I guess everybody has their reasons when it comes to lacing up for charity running events.
Some are running because they’ve been personally impacted by cancer. Others, because they’ve lost a loved one, or very nearly lost a loved one. Then you have those people who have no personal experience of something, and are just running to help out – that’s pretty amazing too.
For me, it’s personal.
Mum lost her battle with breast cancer in 2010. The Mother’s Day Classic – which raises essential funds for the National Breast Cancer Foundation – took on a special meaning for me after that. I’d run it with my dad, and it gave us something to do together; something positive for us to channel that energy into.
I learned so much from mum, like any kid would. And her passing taught me lessons too: how quickly life can be taken from us, and how quickly our loved ones can leave us. That period of grief, for me, was also a period of huge self-exploration. About reflecting on what I had achieved in sport and life, and where I might go from here, after this enormous loss.
Mum’s background was in equestrian, so that’s really where that passion started when it came to my equestrian career. We celebrated all the highs and lows together, and we were a real team in it all. After she died, I just started to lose that passion at the elite level, and I began to wonder what would be next for me.
In her own way, mum helped me figure that out, too.
When mum’s breast cancer returned in 2010, five years after a lump was removed in her breast, she refused any Western medicine. She wanted to do everything the natural way.
You can imagine how hard that was – to watch your own mother’s health get gradually worse while she refuses any of the treatments that might help extend her life, or make it more comfortable. It caused us all a lot of frustration initially, and a lot of heartache.
But mum just wouldn’t budge. This is what she wanted to do; this is how she wanted to handle this. Eventually our family made peace with it. We knew we couldn’t change her mind, and we were focused on just trying to make the most of the time we had with her. As unlikely as it sounds, we still managed to make some fond memories through it all.
I was mum’s primary care giver through all of this, so there was really no respite for me when it came to dealing with it. It was always right there. But that meant I also had a front-row seat to witness mum’s incredible resilience through that time. She had made her decision, and this was her way of asserting control over her situation. I can’t imagine the strength that must have taken.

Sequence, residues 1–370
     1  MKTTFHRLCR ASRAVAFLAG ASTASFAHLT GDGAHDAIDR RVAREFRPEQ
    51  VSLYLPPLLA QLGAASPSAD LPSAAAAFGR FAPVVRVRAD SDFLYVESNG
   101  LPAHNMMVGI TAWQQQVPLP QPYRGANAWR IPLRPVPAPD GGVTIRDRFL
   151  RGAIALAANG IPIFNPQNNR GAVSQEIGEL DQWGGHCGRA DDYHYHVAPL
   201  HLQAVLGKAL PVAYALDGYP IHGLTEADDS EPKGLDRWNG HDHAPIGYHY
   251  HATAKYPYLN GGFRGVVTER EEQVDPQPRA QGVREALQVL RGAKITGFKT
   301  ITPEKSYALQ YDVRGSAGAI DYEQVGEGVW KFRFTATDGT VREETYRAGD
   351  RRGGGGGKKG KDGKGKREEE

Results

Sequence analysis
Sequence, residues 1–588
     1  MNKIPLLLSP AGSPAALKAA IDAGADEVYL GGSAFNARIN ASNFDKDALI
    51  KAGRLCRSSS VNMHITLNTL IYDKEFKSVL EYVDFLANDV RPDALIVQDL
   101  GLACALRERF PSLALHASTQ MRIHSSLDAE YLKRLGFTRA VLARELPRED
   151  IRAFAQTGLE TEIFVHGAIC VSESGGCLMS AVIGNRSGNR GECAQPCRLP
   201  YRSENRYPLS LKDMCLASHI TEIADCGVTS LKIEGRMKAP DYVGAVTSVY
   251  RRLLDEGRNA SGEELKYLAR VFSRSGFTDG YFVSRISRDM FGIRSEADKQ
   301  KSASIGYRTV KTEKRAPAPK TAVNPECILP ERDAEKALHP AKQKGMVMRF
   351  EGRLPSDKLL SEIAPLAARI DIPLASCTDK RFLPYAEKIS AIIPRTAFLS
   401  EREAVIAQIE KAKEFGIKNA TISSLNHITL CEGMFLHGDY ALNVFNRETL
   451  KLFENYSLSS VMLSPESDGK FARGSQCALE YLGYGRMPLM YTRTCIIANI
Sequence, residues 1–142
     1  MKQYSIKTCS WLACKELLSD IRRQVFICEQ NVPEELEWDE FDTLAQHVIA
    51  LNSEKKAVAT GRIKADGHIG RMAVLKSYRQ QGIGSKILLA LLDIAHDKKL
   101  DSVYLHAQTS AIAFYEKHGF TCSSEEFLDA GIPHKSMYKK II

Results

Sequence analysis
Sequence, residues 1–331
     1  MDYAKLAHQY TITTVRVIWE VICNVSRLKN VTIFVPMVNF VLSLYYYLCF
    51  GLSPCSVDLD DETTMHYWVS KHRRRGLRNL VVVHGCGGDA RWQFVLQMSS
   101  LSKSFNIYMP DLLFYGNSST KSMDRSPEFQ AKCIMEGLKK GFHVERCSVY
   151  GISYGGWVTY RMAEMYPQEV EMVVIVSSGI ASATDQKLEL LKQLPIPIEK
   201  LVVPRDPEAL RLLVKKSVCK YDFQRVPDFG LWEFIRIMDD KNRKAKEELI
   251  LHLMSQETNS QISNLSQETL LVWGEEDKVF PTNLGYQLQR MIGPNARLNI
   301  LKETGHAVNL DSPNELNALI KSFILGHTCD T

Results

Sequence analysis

I kept that with me after we lost mum: we have one life, and what we do with it is up to us. No matter what. I’ve always been a bit like that, but this experience with my mum just really solidified it in my mind.
I knew I still wanted to represent my country. The Rio Paralympics in 2016 were on the horizon, and someone put the idea of triathlon into my head. I laughed at first, but then I thought, ‘I’ll never know unless I try.’
So I started challenging myself. I started doing things I had never done before. I knew what it took mentally to perform in high performance sport, but I needed to learn a new sport! I surrounded myself with the right people and accepted that I had a lot to learn. I began applying all the self-discipline I had honed during my equestrian career into something new.
Six years after I lost my mum, and having fell short of two Paralympic attempts in equestrian, I represented my country as a triathlete in Brazil. It was such an emotional day for me. I was doing it for us, and I was doing it because of her. She was with me for those six years, and she’s still with me today. Those lessons she taught me will always be with me.
Too many women are affected by breast cancer. Too many women die before their time. And too many mums leave their families too soon. Running the Mother’s Day Classic is my way of saying thanks to my mum, and helping raise valuable funds for all the other women out there who aren’t ready to say goodbye just yet. I do it for all of them.
And this year, I hope you’ll join me.